Academic freedom concerns may not deter a generation of expatriate Chinese academics from returning to the motherland, lured by lavishly funded recruitment schemes such as the Thousand Talents Plan.
But pragmatic matters such as pricey rents and smog-choked cities might help Western university systems retain Chinese-born doctoral graduates who are a mainstay of their staff.
China experts say that it is too early to tell whether the country’s massive recruitment drive – partly crafted to meet the employment needs of a burgeoning university system, with a reported $222 billion (£168 billion) plunged into higher education last year alone – will strip anglophone institutions of much-needed academics.
The schemes offer incentives such as generous start-up packages, salary top-ups and services to help recruits’ families find their feet. China’s rapidly improving universities attract a constant flow of world-class talent, nestled in what is becoming the epicentre of global economic activity – with relatively modest living costs to boot.
On the downside, China’s academic salaries are generally lower than those in the West. And an onerous publish-or-perish regime means that recruits who do not amass impressive publications can soon find themselves out of work – reflecting the notoriously competitive schooling system inflicted on their children.
Other disincentives include the need to uproot family, abandon friends and navigate a different language and lifestyle. However, such disadvantages can be offset by the principal attraction of schemes such as Thousand Talents – access to state-of-the-art research facilities and the unprecedented collaboration opportunities they generate.
Laurie Pearcey, pro vice-chancellor (international) at UNSW Sydney, said that some municipality-run programmes in China offered green cards and residency incentives that would have been “almost impossible” to find a few years ago. Nevertheless, such schemes were struggling to attract Chinese or foreign-born academics, researchers or innovators.
“One of the big challenges in China, especially in a city like Beijing, is pollution,” Mr Pearcey said. “Some people would ask second questions before rushing to accept what’s an otherwise lucrative package.”
Political scientist Greg McCarthy, who recently completed an appointment as chair of Australian studies at Peking University, said that Antipodean institutions were very dependent on Chinese academics. Since about 2005, they had appointed as many staff from China as from their traditional hunting ground of the UK.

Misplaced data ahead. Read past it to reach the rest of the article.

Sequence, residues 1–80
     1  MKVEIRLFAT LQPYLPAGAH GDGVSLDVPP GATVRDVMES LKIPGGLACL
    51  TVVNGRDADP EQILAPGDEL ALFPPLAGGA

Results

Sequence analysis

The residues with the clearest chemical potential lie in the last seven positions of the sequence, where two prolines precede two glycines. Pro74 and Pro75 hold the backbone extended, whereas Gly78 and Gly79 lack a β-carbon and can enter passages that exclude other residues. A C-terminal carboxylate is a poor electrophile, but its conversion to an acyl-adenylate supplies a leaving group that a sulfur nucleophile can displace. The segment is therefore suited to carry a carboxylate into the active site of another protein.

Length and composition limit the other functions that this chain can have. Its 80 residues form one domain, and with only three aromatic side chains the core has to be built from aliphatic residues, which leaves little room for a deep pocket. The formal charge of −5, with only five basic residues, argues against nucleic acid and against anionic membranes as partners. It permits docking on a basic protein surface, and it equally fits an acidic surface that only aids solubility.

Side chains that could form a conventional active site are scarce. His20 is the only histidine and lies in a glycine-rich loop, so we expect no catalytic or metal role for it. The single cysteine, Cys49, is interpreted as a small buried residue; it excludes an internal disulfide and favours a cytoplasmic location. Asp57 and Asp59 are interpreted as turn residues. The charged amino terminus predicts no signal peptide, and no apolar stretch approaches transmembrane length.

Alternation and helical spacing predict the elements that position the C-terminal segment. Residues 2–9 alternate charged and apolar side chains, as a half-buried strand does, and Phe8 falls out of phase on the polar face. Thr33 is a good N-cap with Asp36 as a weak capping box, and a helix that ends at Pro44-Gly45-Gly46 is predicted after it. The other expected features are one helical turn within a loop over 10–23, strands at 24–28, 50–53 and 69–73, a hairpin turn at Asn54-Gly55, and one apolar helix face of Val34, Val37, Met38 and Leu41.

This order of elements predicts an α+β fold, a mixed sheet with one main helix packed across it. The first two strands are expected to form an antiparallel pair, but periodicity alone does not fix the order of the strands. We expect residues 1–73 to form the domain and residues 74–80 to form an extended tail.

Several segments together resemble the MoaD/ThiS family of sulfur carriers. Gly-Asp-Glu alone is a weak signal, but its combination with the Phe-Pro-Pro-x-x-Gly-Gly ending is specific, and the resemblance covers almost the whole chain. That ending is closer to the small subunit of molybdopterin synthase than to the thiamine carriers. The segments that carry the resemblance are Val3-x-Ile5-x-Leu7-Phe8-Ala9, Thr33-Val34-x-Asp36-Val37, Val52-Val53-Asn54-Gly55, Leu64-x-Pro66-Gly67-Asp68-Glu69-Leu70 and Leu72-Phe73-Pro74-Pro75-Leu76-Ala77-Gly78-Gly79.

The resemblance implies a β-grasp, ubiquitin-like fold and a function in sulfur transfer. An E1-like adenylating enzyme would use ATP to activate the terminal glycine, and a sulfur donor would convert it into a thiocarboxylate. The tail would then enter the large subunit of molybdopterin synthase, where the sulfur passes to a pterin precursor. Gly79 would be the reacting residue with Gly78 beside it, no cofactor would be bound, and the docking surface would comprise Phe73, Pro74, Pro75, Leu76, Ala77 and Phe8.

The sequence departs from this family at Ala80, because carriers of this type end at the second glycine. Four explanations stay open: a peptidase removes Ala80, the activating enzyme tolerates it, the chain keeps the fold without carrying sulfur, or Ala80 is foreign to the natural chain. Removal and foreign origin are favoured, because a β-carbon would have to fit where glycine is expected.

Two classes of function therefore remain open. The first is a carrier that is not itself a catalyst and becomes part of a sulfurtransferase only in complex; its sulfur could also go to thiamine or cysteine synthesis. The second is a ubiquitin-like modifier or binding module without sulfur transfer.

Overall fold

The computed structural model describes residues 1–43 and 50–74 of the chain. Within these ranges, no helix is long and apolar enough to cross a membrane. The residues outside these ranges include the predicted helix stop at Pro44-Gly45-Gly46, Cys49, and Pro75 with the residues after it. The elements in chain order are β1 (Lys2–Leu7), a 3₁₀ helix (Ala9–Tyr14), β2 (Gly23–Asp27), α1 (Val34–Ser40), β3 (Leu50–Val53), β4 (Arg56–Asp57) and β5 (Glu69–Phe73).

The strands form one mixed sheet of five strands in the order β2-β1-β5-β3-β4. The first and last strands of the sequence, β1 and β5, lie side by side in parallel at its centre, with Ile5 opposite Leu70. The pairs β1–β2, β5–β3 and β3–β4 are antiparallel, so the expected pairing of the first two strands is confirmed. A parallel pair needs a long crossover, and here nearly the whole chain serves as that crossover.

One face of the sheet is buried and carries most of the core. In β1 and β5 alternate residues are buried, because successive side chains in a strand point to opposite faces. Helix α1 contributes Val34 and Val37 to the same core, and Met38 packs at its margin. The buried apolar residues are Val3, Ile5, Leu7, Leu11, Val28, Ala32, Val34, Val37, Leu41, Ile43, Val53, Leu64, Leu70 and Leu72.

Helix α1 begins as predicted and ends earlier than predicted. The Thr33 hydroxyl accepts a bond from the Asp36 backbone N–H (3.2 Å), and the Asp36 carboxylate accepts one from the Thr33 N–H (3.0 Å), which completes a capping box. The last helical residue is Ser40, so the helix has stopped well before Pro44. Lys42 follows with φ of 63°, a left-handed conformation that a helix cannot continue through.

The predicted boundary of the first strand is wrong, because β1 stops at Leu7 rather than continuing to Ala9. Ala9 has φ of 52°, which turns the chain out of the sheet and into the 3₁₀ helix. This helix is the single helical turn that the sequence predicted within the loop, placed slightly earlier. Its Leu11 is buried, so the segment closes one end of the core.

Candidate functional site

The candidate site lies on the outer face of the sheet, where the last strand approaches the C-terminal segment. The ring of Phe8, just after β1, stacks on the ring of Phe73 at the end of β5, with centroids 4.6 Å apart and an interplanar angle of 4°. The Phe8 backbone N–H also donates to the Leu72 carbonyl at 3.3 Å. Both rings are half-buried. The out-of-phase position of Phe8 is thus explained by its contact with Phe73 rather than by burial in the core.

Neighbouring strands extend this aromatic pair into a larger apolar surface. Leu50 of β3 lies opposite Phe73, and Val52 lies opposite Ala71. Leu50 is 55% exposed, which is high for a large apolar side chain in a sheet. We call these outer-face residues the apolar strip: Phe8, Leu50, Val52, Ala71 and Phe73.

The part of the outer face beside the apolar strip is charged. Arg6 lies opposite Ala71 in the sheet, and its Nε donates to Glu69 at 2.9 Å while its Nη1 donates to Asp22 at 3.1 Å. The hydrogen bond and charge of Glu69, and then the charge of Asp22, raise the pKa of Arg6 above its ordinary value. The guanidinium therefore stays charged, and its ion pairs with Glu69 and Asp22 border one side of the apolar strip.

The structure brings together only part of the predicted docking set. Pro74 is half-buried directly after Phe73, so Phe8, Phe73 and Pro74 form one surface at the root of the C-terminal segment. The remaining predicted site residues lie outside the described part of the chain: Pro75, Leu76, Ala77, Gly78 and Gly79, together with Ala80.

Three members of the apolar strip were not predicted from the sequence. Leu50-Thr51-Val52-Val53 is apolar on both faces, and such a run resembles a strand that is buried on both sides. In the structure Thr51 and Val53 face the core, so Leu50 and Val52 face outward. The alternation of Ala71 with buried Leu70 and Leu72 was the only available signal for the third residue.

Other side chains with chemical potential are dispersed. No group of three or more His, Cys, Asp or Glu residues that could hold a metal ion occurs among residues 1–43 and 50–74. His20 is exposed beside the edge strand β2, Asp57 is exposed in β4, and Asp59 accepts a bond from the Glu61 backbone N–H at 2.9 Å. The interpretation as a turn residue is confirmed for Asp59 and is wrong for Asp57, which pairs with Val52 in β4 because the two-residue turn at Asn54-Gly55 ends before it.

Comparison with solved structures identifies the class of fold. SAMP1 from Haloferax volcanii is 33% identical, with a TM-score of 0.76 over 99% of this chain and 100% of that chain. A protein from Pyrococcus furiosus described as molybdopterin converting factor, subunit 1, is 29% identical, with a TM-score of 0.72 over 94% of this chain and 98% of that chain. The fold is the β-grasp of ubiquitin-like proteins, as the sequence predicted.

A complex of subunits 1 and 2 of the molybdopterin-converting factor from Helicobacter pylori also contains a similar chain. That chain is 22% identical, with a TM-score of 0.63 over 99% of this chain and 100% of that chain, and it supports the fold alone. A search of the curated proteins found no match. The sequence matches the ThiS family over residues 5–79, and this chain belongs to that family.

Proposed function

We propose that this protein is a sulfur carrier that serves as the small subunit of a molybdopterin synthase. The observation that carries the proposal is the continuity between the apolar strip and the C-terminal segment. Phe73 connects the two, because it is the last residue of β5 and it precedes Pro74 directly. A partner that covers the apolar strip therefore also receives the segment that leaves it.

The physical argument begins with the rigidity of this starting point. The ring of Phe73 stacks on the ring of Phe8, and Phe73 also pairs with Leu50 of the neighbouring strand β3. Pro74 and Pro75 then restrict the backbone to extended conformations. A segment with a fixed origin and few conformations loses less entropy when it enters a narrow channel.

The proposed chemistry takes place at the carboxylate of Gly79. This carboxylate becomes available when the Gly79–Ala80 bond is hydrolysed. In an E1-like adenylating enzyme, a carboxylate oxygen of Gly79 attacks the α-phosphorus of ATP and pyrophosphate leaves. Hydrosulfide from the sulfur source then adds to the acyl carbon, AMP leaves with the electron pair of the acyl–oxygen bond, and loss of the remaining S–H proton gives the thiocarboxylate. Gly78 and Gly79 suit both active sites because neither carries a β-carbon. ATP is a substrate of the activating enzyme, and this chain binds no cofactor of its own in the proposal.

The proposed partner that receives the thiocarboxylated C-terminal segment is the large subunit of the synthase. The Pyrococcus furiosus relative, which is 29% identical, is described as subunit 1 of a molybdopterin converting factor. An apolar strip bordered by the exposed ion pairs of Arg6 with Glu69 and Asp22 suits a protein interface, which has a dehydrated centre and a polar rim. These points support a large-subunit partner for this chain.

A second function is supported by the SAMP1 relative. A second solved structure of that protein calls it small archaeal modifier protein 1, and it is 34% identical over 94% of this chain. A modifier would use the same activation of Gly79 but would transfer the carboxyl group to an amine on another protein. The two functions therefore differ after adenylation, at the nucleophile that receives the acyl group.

Professor McCarthy said that between 50 per cent and 60 per cent of Chinese doctoral students in Australian universities stayed on as academics, principally in science, technology, engineering and mathematics and in business – disciplines where Australia relies on foreigners to sustain its research capacity. Somewhat similar patterns apply in the UK and the US, said Professor McCarthy, professor of Australian politics at the University of Western Australia.
But Professor McCarthy argued that Australia was at perhaps greater risk of losing native English-speaking humanities academics than Chinese-born STEM specialists. Rampant casualisation in Australian universities was forcing people to look elsewhere for secure posts – and China, with a growing suite of English-taught master’s programmes, was a logical choice.
“They follow that Harvard model of small classes,” he added. “You might have a class of 10 or 15. In China, student fees don’t drive the universities.”
However, crippling housing costs in Beijing and Shanghai are a major problem, he conceded. “It’s a bit like London or Oxford – you can teach there, but you can’t afford to live there.”
Futao Huang, a Chinese-born international education expert at Japan’s Hiroshima University, said that China’s dynamism and research opportunities tended to outweigh disadvantages such as big-city housing costs, air pollution, relatively low pay and academic freedom concerns.
He said that most recruits to China belonged to the “hard sciences”, in which academic freedom was not as central an issue as in the humanities. Conversely, patriotism and the desire to build a “more powerful China” could be strong lures for Chinese expatriates.
Professor Huang said that most Chinese-born academics recruited by their homeland were not required to quit their overseas affiliations, while many Westerners went to China only after retirement – often for fixed terms.
But he himself had not seriously considered returning. “I am too old to be accepted by many good universities, and there is the problem of pension. More importantly, my field is higher education, which is not so attractive for most Chinese universities or research institutes.”
Greg Goodall, head of gene regulation at Adelaide’s Centre for Cancer Biology, has twice been flown to China to investigate setting up joint laboratories, most recently after his election to the Australian Academy of Science. He said that such invitations were routinely extended to new academy members.
Although no deal was struck, Professor Goodall said that the idea had been “of potential interest to me because I have a Chinese-born postdoc. It would have made it easier, had I established a lab, for him to be part of it. He was interested in that possibility.”